Last week I went to a seminar on communication skills in the workplace – specifically based on understanding different personalities and then learning to interact more effectively given those differences.
I’ve taken half a dozen personality tests over the years, and this one said what all the others have. Pick your test and I’ll qualify as a beaver/golden retriever, a melancholic/phlegmatic, conscientiousness/steadiness, INTJ, technical/sympathetic…You get the idea. What all this self-analysis boils down to for the purpose of this blog post is that I tend to be task oriented (instead of people oriented). I set a goal and then find the most prudent way to accomplish it – usually by myself since other people tend to get in the way. 🙂
There. I’ve confessed.
Since my focus is usually on destinations – short and long term – I find that God needs to remind me regularly that destinations are ultimately His concern. Sometimes we just leave the Big Destination up to Him and figure we’ll handle the ones on this side of the new earth – career, marriage, family, friendships, retirement, etc. Fill in the blank.
If you’re anything like me – and I don’t mean a conscientious, melancholic beaver with a critical eye for detail – you have probably “arrived” at a few destinations that were, well, disappointing. Maybe your degree didn’t land you the job you expected. Maybe your spouse isn’t quite what you hoped for. Maybe your dream house isn’t. Maybe your friends are too few and far between. Maybe your retirement isn’t possible.
I was thinking about these things the other day when I was hiking by myself in the woods on Lummi Island, an easy getaway for those of us on the Edge of Nowhere, USA. From the (very) limited research I did before going, I had the impression that the hiking trail I was on would take me to the highest point of the island and then offer a to-die-for panoramic view of the San Juan Islands to the west and Bellingham to the east. So, I threw on my backpack, started up the path, and looked forward to reaching the top, where I would eat my PB&J sandwich, take in the view, and head back down.
I had been warned that the first 15 minutes were steep – this was from the gal who gave me a tourist map of the island and told me the hike was 1.5 hours round trip. After a steep climb that lasted more than 15 minutes and an endless trail beyond that offered few flat stretches, I was pretty sure my information source had never actually been on this trail. Trail markers were almost non-existent, the woods were dense and deserted, and the trail just kept going up. Long past the point I thought I might die and be eaten by wildlife before anyone discovered me, I reached a designated overlook. Climbing between trees to get to it, I wondered if I had arrived. I snapped a few pictures and looked in vain for signage that said, “This is it! You’ve made it!” I also noticed that the trail kept going (up, of course) beyond the overlook.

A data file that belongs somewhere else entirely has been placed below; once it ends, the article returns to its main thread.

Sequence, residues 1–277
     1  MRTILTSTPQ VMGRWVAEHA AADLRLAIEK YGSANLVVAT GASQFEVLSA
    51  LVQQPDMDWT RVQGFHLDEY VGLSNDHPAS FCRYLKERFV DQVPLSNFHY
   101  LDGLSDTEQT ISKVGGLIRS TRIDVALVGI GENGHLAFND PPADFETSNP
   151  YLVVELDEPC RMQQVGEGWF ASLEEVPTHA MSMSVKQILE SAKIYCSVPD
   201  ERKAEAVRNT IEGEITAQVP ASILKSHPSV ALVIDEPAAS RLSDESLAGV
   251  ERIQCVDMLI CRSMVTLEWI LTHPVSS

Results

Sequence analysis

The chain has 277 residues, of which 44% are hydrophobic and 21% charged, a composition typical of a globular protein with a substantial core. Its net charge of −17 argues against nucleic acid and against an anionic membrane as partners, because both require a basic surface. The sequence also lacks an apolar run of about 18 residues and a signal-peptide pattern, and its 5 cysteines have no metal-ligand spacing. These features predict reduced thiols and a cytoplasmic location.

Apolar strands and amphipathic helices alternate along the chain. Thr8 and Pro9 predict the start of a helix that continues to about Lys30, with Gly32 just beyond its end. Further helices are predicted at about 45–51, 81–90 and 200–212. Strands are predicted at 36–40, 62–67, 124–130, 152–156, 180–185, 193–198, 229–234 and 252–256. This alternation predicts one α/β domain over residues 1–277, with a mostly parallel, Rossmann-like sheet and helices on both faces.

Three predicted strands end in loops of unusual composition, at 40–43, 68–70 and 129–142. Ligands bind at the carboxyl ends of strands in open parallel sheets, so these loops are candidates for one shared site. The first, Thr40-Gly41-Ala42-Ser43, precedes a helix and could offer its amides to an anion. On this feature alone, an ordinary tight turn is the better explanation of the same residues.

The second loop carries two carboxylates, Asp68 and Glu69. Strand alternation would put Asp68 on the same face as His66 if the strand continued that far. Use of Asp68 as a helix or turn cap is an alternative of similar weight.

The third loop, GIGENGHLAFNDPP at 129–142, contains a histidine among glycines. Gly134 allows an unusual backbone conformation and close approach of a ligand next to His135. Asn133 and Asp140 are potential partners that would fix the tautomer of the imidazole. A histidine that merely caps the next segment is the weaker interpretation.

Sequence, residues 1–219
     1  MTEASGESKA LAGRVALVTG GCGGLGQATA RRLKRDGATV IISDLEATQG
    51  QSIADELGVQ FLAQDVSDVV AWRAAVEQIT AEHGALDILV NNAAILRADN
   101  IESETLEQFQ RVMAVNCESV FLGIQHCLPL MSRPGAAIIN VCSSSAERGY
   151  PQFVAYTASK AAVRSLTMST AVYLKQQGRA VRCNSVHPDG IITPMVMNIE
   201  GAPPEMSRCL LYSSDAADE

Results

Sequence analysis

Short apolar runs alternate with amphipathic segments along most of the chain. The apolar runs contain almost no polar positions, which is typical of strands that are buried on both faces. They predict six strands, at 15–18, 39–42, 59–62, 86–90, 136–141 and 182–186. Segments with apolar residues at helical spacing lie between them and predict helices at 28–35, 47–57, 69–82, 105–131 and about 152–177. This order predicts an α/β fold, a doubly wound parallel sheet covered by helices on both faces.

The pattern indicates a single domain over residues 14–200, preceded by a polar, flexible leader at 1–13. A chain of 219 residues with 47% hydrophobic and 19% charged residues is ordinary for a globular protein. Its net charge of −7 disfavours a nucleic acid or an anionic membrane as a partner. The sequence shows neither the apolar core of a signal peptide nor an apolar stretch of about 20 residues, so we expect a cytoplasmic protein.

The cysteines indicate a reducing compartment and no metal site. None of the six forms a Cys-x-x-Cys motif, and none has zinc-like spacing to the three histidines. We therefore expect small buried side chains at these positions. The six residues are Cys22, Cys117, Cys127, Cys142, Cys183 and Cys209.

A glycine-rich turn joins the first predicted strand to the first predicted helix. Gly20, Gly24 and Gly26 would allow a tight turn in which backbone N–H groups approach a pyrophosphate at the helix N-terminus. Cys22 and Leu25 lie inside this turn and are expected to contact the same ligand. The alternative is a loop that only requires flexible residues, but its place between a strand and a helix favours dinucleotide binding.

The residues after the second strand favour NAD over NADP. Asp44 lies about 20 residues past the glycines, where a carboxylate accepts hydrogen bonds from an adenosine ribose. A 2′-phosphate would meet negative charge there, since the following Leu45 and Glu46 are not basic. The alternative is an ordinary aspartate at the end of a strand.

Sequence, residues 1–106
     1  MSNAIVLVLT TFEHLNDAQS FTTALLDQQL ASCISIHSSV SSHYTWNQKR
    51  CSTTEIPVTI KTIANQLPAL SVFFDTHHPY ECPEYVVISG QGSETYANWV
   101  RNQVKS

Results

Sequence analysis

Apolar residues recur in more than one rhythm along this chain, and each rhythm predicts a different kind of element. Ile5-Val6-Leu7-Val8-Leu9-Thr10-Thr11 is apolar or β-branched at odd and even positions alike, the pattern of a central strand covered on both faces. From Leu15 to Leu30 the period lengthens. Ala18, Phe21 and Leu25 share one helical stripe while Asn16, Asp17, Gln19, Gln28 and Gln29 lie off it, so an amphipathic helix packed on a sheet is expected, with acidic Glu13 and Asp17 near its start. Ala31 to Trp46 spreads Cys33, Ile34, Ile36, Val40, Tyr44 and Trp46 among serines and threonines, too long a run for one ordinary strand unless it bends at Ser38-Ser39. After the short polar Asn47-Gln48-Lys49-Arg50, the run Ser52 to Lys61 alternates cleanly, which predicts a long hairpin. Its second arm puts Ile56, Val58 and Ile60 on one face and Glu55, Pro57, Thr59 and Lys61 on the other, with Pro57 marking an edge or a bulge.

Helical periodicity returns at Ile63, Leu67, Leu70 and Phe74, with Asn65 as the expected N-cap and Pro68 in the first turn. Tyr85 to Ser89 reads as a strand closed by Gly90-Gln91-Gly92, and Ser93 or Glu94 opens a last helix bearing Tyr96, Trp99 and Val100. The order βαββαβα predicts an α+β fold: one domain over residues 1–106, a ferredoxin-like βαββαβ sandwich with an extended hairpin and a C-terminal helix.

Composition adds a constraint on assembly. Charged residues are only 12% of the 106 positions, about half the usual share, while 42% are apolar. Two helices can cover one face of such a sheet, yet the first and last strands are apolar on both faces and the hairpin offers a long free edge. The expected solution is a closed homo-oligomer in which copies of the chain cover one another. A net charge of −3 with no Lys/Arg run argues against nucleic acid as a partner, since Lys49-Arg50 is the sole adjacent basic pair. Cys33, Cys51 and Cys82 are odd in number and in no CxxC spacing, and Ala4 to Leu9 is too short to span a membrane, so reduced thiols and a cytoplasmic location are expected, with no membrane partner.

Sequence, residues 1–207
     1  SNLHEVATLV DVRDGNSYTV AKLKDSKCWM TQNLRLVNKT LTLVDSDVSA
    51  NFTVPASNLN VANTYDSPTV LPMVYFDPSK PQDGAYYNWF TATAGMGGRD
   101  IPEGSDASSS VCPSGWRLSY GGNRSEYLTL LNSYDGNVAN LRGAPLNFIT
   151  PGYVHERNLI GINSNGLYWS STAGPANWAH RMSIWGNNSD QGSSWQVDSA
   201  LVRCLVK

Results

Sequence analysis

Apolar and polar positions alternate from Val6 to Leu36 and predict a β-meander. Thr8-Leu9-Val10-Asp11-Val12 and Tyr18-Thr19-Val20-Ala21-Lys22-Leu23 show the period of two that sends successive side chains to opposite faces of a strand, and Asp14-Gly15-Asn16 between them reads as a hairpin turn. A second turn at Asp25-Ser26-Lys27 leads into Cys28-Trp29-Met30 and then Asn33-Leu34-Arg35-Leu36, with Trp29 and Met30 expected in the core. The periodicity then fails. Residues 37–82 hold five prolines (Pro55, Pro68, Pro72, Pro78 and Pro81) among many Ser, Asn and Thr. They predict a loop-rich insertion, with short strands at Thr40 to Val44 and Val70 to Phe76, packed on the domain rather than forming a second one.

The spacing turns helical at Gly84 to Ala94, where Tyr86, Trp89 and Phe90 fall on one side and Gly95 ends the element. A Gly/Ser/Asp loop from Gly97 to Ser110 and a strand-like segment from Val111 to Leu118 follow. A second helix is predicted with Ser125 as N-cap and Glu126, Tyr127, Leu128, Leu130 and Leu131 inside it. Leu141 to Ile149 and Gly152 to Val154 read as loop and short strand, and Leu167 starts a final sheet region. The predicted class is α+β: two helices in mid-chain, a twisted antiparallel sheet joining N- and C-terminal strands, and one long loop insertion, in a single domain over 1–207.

Given that my expectations were the top of the island and a sweeping panoramic view, I confess to being disappointed that this was “all” I saw (I didn’t take pictures of the trees on either side and behind me).
Surely I hadn’t reached my destination yet. I kept walking. Up. And I grumbled. About 10 sweaty minutes later, I decided I’d had it. I turned around and headed in the blessed direction of “down,” eating my PB&J sandwich en route.
For most of the trek back, I thought about journeys and destinations. My entire hike had been focused on the destination, which, I later learned, was the west-looking overlook. I admit, I had expected more – at the very least, a sign making it clear that I had arrived. Instead, I wondered if there was more, if I had missed something better that I would have found if I had just persevered on the trail.
The truth is we don’t know what lies ahead – nor if we’ll even get there. We can’t ever be sure of reaching a particular “destination,” much less having it be what we expected. What we do have is the trail around us – the present. And it’s full of a beauty all its own, though it may not be the breathtaking beauty we’re anticipating at the trail’s end.
God really is in charge of destinations – all of them. And we would probably do well to expect that none of them this side of glory will meet our perfect-world expectations. We just have to wait for that. And while this beaver waits, she’s going to work on paying closer attention to the journey.
(I later learned that the trail ended at the densely forested top of the mountain a couple miles beyond the overlook…and after half a mile of bush-whacking.)
All too frustratingly true! Today I walked with a friend at John Bryan and kept enjoying the weird fungi, since I couldn’t get down to the river as I would have preferred. Have to focus on the loveliness at hand. Well written, as ever!
Wendy! I read your blog regularly and so appreciate your insight. I must say, that this post really spoke to me. I, too, tend to be long-term, destination-oriented. I have a new friend who reminded me that it’s not my place to worry about the future. It’s simply my responsibility to be obedient in the present. And that may certainly change my life.
Thanks, Pam! Being obedient in the present…That’s plenty of work to keep us busy. 🙂